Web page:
The beginning of Oktoberfest started on Saturday (the 19th) and lasts through October 4th. Morning sickness got in the way of checking out the Oktoberfest activities in the area and cooking last year, so we are definitely making up for it this year. Check out the blog this week for German and German-style recipes. I have also linked previous German and Oktoberfest recipes from the blog, plus more from other bloggers. I would also like to share with you a book I just finished reading, Beyond Bratwurst: A History of Food in Germany (Foods and Nations).
While it is not a cookbook and there are no recipes, Beyond Bratwurst: A History of Food in Germany (Foods and Nations)is a fascinating read for those wanting to learn more about the history behind food in Germany. It is exceptionally detailed, dating all the way back to the foundation of permanent settlements and crops in the Neolithic Age to the promotion and backlash of processed foods in the Present Day.
The author, Ursula Heinzelmann, is a freelance German journalist and writer from Berlin. She has contributed to the following publications: Effilee, Slow Food, Frankfurter Allgemeine Sonntagszeitung, Gastronomica, Saveur and Culture, the word on cheese. She is also the author of Erlebnis Essen – vom Duft der Erdbeere und der Würze des Teltower Rübchens (2006), Erlebnis Kochen – Manifest für eine Küche ohne Rezepte (2007), and Food Culture in Germany (Food Culture around the World).
Chapters are divided based on era: German Food: A Complex Dish; From Gruel to Sourdough Bread: The Neolithic, Bronze and Iron Ages; Fresh Meat and Lac Concretum: The Roman Age, 1st Century BC to 5th Century AD; Christianity, Social Stratification and Medicine: The Early Middle Ages, 5th to 11th Century; Luxurious Feasts and Terrible Famine: The High Middle Ages, 11th to 14th Century; Butterbrot and Saffron: The Late Middle Ages, 14th and 15th Centuries; German Food Writing: The Early Modern Period, 1500 to 1648; Coffee, Sugar and Potatoes, 1648 to 1815; Potatoes without Salt and Soup Kitchens: Pauperism, 1815 to 1871; Stock Cubes and Baking Powder: The Industrialization of Food, 1871 to 1914; Hope and Hunger, Vollkornbrot and Swedes, 1914 to 1949; Kasslerrollen and Toast Hawaii: Post-war Indulgence, East and West, 1949 to 1990; and Spaghetti and Rouladen: Regionality in a Globalized World, Reunified Germany since 1990.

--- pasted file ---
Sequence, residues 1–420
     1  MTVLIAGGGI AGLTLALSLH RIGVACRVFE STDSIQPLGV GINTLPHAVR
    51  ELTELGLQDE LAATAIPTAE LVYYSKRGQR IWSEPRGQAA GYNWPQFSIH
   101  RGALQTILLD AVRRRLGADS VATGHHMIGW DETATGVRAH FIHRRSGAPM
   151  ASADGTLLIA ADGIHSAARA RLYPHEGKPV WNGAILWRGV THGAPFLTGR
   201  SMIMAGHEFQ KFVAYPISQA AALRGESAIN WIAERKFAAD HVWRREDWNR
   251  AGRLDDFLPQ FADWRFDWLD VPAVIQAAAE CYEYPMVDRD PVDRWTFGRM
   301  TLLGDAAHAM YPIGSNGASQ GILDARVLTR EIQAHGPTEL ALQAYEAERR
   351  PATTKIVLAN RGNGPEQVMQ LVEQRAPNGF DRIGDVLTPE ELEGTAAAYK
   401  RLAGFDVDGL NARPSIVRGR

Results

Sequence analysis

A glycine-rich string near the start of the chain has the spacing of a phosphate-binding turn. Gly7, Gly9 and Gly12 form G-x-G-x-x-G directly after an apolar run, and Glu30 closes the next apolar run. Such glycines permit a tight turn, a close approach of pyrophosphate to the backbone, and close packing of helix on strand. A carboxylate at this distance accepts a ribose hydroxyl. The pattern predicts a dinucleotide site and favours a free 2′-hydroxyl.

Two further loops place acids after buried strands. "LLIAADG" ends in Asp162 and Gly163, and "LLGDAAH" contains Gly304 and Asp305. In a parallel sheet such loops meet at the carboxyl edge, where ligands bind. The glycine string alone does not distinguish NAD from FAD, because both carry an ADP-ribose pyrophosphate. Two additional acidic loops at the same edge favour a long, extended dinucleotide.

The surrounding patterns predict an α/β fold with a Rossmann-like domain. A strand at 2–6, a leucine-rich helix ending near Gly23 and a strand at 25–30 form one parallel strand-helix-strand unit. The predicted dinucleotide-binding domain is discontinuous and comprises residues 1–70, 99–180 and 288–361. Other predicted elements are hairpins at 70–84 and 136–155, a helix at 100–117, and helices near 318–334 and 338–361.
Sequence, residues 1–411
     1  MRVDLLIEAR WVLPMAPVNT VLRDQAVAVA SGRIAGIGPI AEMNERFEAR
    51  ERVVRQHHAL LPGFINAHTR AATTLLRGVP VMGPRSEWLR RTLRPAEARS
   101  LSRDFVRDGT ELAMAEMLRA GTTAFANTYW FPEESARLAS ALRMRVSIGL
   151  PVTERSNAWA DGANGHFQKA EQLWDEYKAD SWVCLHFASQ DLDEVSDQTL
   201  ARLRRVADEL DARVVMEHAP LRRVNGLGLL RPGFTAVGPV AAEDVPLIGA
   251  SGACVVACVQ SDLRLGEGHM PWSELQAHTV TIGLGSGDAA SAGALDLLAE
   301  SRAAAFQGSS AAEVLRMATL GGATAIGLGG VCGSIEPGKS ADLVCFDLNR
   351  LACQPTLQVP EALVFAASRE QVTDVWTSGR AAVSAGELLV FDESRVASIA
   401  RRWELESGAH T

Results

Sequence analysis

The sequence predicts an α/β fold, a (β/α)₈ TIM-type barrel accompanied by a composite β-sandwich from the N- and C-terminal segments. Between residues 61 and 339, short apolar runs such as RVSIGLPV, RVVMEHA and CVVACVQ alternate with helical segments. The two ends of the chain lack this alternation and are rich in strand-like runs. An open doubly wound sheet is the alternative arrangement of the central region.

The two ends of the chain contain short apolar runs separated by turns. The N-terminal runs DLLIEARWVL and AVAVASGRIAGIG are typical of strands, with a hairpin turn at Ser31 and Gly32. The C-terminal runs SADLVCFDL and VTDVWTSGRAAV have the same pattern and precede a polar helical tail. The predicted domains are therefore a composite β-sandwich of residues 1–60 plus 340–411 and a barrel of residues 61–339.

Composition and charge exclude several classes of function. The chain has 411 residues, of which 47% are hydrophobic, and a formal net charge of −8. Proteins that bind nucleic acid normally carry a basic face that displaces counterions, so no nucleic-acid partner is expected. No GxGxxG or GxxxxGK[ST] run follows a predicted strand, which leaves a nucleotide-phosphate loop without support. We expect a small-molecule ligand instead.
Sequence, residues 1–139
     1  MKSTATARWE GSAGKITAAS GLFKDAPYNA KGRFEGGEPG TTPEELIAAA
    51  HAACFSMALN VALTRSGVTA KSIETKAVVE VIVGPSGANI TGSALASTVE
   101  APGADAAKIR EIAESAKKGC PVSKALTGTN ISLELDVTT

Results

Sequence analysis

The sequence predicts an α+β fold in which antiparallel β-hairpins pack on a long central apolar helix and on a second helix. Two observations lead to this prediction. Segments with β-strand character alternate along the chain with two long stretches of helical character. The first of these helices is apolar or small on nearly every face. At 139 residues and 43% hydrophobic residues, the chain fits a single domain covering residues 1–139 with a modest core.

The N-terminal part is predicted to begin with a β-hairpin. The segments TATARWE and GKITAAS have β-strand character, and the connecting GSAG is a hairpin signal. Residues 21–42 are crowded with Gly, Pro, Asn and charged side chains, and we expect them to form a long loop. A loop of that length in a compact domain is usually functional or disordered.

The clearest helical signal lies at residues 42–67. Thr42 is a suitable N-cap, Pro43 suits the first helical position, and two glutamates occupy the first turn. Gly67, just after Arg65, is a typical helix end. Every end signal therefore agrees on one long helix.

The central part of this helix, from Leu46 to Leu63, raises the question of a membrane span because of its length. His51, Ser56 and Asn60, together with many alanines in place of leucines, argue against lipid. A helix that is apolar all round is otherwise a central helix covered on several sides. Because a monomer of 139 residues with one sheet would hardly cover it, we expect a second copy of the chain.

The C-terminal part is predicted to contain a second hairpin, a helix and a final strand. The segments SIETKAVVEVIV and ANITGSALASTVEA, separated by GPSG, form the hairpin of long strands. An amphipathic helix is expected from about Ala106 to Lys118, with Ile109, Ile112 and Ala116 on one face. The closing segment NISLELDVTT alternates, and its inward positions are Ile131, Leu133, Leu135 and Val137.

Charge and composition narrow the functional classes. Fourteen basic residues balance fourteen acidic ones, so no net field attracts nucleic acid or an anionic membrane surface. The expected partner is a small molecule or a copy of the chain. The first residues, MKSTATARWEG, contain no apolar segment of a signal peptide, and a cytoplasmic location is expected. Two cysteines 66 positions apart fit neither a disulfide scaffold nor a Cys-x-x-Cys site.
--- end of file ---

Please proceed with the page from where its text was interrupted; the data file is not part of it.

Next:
This book isn’t just about the food and dishes popular in German history, but also the social aspects surrounding it. You will learn about manners, social etiquette, the development of kitchens (plus how they were managed and everyday chores), and the introduction of appliances such as refrigerators and microwaves. Government involvement in the form of laws and regulations, plus the importation and exportation of goods are also mentioned.
I particularly enjoyed the interesting tidbits and facts. Weak beer (2 percent) was once safer than water. During the High Middle Ages, pregnant and nursing women were encouraged to consume certain foods, but avoid others. The advice for wet nurses to avoid sharp foods such as onions, garlic, vinegar, and pepper is actually coming around again as foods to avoid with colicky infants. Almond milk (almonds soaked in water) was used as an alternative to dairy milk for vegan fast days. Cooking vessels following World War II were often made from military hardware such as helmets.